Health

HEALTH NOTES: GPs fail women over weight loss

HEALTH NOTES: GPs fail women over weight loss with patients feeling they are being judged by their doctors, survey finds

More than half of British women who want to lose weight are failed by their GPs, it is claimed.

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Some 54 per cent of the 2,500 women who took part in a survey said their doctor offered no advice or help for weight loss. This is despite NHS recommendations advising that GPs discuss weight-loss plans with patients or refer them to local specialist services.

The poll, by health firm Juniper, also found three-quarters of women feel let down by doctors when it comes to weight loss. Their reasons included GPs not taking patients seriously, feeling judged and not being offered a solution.

‘If you don’t feel like you’re getting the help and advice you need from your GP, I’d suggest looking elsewhere,’ says dietician Louise Bula. ‘This might mean a different doctor or a registered dietitian.’

Some 54 per cent of the 2,500 women who took part in a survey said their doctor offered no advice or help for weight loss. This is despite NHS recommendations advising that GPs discuss weight-loss plans with patients or refer them to local specialist services

Number using e-cigs hits SIX million 

An estimated six million Britons use vapes, or e-cigarettes, to manage their stress, research has found.

A further seven million regularly smoke as a stress reliever, while nine million Britons turn to alcohol.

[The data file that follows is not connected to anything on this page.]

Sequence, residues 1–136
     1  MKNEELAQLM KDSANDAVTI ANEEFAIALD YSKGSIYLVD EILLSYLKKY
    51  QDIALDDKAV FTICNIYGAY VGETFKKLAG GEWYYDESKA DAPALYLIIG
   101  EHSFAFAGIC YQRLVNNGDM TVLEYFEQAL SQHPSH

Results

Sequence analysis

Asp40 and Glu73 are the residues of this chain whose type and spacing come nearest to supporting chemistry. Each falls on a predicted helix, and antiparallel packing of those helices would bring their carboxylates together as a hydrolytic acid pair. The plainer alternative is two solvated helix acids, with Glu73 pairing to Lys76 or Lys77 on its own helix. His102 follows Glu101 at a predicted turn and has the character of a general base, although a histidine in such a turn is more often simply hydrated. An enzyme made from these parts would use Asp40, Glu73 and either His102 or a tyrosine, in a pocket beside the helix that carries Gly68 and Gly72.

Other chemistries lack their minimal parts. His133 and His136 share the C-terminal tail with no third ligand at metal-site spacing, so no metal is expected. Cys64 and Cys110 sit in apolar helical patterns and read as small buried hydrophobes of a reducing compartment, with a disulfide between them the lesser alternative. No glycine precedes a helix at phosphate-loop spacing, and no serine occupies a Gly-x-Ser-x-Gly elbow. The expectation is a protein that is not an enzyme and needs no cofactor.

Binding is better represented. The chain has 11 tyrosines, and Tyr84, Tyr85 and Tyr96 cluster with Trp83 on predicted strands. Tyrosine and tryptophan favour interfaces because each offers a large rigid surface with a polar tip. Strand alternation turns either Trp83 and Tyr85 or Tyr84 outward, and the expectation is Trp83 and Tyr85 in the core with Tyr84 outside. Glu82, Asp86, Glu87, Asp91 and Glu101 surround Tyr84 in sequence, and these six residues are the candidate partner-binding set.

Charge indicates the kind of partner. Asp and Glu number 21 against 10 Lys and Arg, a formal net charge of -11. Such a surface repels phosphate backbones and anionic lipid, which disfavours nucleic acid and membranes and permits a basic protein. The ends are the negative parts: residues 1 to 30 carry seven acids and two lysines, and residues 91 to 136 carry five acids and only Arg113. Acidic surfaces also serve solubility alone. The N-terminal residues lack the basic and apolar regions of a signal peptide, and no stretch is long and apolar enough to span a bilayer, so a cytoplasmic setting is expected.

Four million are thought to drink to excess to alleviate worries.

The findings are based on research carried out by the UK Addiction Treatment Centres (UKAT), which polled 5,000 adults. The results also found that two-thirds of Britons say the cost-of-living crisis has affected their mental health.

‘Our results show a crisis within a crisis and, unless something gives, the situation is only set to worsen,’ says Nuno Albuquerque, head of treatment at UKAT.

An estimated six million Britons use vapes, or e-cigarettes, to manage their stress, research has found

An estimated six million Britons use vapes, or e-cigarettes, to manage their stress, research has found

Adopting boarding school rules that restrict phone use could help children get more sleep.

A study from the University of South Australia found that teenagers who sleep at school get more than five hours’ extra shut-eye a week.

The study of more than 300 students at an Adelaide school showed that those who board average eight and a half hours a night, compared with students who live at home who get just seven hours and 45 minutes.

Students who boarded had a consistent bedtime routine and no access to their phones.

Studies have shown that the blue light given off by a smartphone’s screen can trigger the release of brain chemicals that help to keep us awake.

Studies have shown that the blue light given off by a smartphone¿s screen can trigger the release of brain chemicals that help to keep us awake

Studies have shown that the blue light given off by a smartphone’s screen can trigger the release of brain chemicals that help to keep us awake

Dishwasher detergent left behind on dishes, cups and cutlery could damage the protective lining in the gut and bring about chronic diseases.

An experiment by the Swiss Institute of Allergy And Asthma Research showed that high doses of detergents killed cells in the gut’s mucus layer, while low doses damaged them, potentially causing the onset of diseases such as diabetes, arthritis and Alzheimer’s.

Researchers concluded that as defective gut barriers can cause allergies and autoimmune conditions, these products should be removed from household items.

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